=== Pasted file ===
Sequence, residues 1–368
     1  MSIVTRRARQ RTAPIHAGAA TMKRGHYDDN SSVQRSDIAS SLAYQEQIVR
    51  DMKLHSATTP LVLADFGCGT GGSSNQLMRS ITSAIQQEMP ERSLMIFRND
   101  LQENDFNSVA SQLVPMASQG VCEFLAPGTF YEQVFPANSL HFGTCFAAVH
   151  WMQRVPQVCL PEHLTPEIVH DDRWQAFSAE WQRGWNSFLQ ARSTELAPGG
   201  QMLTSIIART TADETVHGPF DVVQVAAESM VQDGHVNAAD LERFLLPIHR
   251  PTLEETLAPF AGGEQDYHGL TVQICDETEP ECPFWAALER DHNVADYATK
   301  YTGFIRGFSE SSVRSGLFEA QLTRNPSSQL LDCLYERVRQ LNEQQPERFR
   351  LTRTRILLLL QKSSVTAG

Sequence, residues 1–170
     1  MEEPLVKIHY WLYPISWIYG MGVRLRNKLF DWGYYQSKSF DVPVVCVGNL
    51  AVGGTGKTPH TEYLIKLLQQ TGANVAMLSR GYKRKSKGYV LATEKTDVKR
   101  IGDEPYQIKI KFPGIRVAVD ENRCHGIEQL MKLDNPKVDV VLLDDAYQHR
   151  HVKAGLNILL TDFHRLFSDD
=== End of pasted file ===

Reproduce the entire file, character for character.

Sequence, residues 1–368
     1  MSIVTRRARQ RTAPIHAGAA TMKRGHYDDN SSVQRSDIAS SLAYQEQIVR
    51  DMKLHSATTP LVLADFGCGT GGSSNQLMRS ITSAIQQEMP ERSLMIFRND
   101  LQENDFNSVA SQLVPMASQG VCEFLAPGTF YEQVFPANSL HFGTCFAAVH
   151  WMQRVPQVCL PEHLTPEIVH DDRWQAFSAE WQRGWNSFLQ ARSTELAPGG
   201  QMLTSIIART TADETVHGPF DVVQVAAESM VQDGHVNAAD LERFLLPIHR
   251  PTLEETLAPF AGGEQDYHGL TVQICDETEP ECPFWAALER DHNVADYATK
   301  YTGFIRGFSE SSVRSGLFEA QLTRNPSSQL LDCLYERVRQ LNEQQPERFR
   351  LTRTRILLLL QKSSVTAG

Sequence, residues 1–170
     1  MEEPLVKIHY WLYPISWIYG MGVRLRNKLF DWGYYQSKSF DVPVVCVGNL
    51  AVGGTGKTPH TEYLIKLLQQ TGANVAMLSR GYKRKSKGYV LATEKTDVKR
   101  IGDEPYQIKI KFPGIRVAVD ENRCHGIEQL MKLDNPKVDV VLLDDAYQHR
   151  HVKAGLNILL TDFHRLFSDD